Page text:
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VinFast May Delay, Even Cancel, U.S. Assembly Plant

by | May 29, 2024

With its all-electric SUV winning harsh criticism and low demand, Vietnamese automaker VinFast appears to be rethinking its commitment to set up a $4 billion U.S. assembly complex. There’s growing concern the North Carolina facility will be delayed, even cancelled.

VinFast VF 8 driving

The VinFast VF 8 got off to a slow start amidst harshly critical reviews.

Barely 10 months after breaking ground for a new manufacturing complex in North Carolina, Vietnamese auto start-up VinFast appears to be having second thoughts.

VinFast has already reached out to local officials to get permission to downsize the factory, which originally was scheduled to have the capacity to produce 150,000 EVs annually. Several sources who spoke to Headlight.News, as well as a report by Reuters, indicate that VinFast is now considering whether to delay construction and possibly kill the project entirely.

Such a move would come at a time when sales growth in the EV market has slowed sharply. But the Vietnamese manufacturer wouldn’t be the only one to delay work on some of its planned EV operations. Rivian, for one, has put a planned factory in Georgia on indefinite hold.

VinFast off to a slow start

VinFast VF 3 concept CES front 3-4

VinFast is experiencing multiple delays in getting key products to launch on time

Things haven’t gotten off to a good start for the EV manufacturer. Sales were expected to begin in December 2022 but were delayed until March of the following year. All told, the automaker sold only 3,129 vehicles in North American in 2023, well short of its target. For the first four months of this year it moved about 1,500, noted Sam Abuelsamid, senior auto analyst for Guidehouse Insights, reflecting only the slightest monthly increase.

It didn’t help that the original Vinfast VF 8 received harsher critical reviews filing the brand’s first U.S. media drive last year. Complicating matters, plans to bring an assortment of additional products to the U.S., including the larger, more luxurious VF 9, as well as smaller products like the all-electric VF 6 and 7, have failed to materialize. It now says it will begin expanding the line-up in June.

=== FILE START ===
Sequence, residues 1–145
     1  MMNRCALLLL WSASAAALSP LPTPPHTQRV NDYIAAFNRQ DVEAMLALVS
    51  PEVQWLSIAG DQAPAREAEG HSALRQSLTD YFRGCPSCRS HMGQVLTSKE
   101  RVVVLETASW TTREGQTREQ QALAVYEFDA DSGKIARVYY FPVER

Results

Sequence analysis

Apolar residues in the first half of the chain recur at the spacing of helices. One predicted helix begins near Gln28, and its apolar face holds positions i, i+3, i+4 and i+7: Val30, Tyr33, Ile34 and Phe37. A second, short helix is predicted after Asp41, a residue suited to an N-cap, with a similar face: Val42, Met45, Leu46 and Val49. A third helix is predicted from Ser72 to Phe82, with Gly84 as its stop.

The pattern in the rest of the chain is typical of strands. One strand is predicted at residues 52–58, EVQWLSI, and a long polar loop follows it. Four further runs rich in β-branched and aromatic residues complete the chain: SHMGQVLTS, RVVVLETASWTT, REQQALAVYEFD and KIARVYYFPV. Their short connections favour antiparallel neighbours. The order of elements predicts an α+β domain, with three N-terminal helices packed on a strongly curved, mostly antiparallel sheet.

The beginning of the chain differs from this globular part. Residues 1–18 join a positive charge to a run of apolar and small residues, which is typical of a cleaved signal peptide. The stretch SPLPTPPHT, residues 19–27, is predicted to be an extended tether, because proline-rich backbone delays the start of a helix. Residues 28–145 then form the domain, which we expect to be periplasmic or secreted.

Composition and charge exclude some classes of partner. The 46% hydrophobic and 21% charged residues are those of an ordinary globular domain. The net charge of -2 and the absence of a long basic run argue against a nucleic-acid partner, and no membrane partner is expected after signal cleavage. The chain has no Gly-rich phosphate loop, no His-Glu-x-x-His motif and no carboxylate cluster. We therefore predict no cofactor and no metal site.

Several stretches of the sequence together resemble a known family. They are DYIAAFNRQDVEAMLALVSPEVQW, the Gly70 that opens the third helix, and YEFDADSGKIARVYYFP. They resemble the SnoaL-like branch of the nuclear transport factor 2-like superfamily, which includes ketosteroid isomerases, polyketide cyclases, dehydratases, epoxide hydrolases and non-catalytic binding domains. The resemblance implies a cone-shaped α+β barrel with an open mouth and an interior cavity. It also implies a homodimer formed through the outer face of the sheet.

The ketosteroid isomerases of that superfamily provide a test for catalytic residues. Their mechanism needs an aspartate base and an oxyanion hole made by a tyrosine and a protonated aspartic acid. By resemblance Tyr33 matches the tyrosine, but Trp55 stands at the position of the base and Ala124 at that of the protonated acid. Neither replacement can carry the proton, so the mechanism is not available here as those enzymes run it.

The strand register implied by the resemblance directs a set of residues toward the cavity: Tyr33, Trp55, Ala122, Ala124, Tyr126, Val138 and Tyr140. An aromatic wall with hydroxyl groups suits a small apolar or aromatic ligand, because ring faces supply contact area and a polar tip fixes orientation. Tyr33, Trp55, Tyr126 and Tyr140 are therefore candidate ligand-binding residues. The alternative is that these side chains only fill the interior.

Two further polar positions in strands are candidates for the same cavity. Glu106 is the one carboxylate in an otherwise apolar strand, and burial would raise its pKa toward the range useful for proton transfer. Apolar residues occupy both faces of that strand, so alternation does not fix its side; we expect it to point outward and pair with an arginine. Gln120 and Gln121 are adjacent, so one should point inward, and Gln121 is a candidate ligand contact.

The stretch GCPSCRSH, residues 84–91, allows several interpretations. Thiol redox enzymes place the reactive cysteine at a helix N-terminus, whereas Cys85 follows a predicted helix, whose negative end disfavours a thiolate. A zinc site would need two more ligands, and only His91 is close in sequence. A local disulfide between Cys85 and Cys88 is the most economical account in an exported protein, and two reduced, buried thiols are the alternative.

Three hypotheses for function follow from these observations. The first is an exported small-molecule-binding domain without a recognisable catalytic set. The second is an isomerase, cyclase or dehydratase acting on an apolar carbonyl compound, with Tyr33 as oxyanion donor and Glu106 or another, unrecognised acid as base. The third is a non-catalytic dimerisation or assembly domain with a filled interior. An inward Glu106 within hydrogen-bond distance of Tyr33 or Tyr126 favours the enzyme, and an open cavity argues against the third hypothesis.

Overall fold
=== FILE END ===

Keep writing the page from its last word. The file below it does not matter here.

“The product they have now “is not particularly competitive,” said Abuelsamid, adding that it’s going to be tough for them to make a go of that.”

Downsizing plans

VinFast’s downsizing plans come after the company initially made a strong push for expansion

In a statement first published by Reuters, VinFast said it is “conducting a thorough review and evaluation of all aspects of the construction process for our North Carolina factory.”

An official with the Chatham Country government indicated that VinFast has already twice sought to revise plans for the U.S. factory. The latest request, submitted in April, is still undergoing the county’s review, according to Reuters.

Revising the factory project wouldn’t be entirely out of the norm for the Vietnamese automaker which was founded in 2017 and began producing licensed versions of the BMW X5 two years later. It announced plans at the November 2021 Los Angeles Auto Show to switch to an all-electric product portfolio.

“The DNA of VinFast is to learn” and then address its problems, the then-global CEO Le Thi Thu Thuy said at the July 2023 factory groundbreaking. She acknowledged that “The last few months have been challenging,” but insisted that “ everything is falling into place and we have a clean vision” of where the company wants to go.

More VinFast News

Delay or cancellation?

VinFast’s troubles might affect key vehicle programs like the production version of the VF Wild pickup

While VinFast continues to signal that the plant project may move ahead, albeit in downsized form, there is growing skepticism among industry observers – backed by comments made by sources close to the company.

“I’m not surprised that they would delay or even cancel a factory that size when you’re not selling vehicles,” said analyst Abuelsamid. Several others familiar with the company said, on background, that they were also growing skeptical the plant will ever be completed.

VinFast isn’t alone

VinFast’s new dawn might not be as simple to achieve as the company hoped

If VinFast does significantly change its strategy it would be far from the only automaker adjusting plans to respond to slowing EV sales growth.

Ford, for one, is stretching out $11 billion in investments, indefinitely delaying construction of one of two battery plants in Kentucky, while downsizing another in Michigan. It’s pushing back the launch of its Blue Oval Manufacturing Complex in Tennessee, as well. General Motors, meanwhile, is delaying by more than a year the reopening of an EV assembly plant in the northern Detroit suburbs.

There have been reports that Tesla is rethinking its own plan to expand its manufacturing footprint. Meanwhile, Rivian earlier this year put the construction of a second assembly plant in Georgia on indefinite hold. It is, for now at least, consolidating production at its original plant in Normal, Illinois.


  1. Could the Chahamcounty pursuits Vinfast for cancelling the project? It was written in the sky that VF doesn’t have money to complete the project with more than 6 billions of debt and counting. VF doesn’t confirm the number of cars they sold until now in US and Canada while the number of cars sold in Vietnam are not confirmed by any serious source…

    • Not having access to the documents agreed to by the county and VinFast I can only guess at potential penalties. They’re often caveats covering incentives provided by the government. We’ll have to see, especially as the project has not yet been cancelled.

      Paul E.


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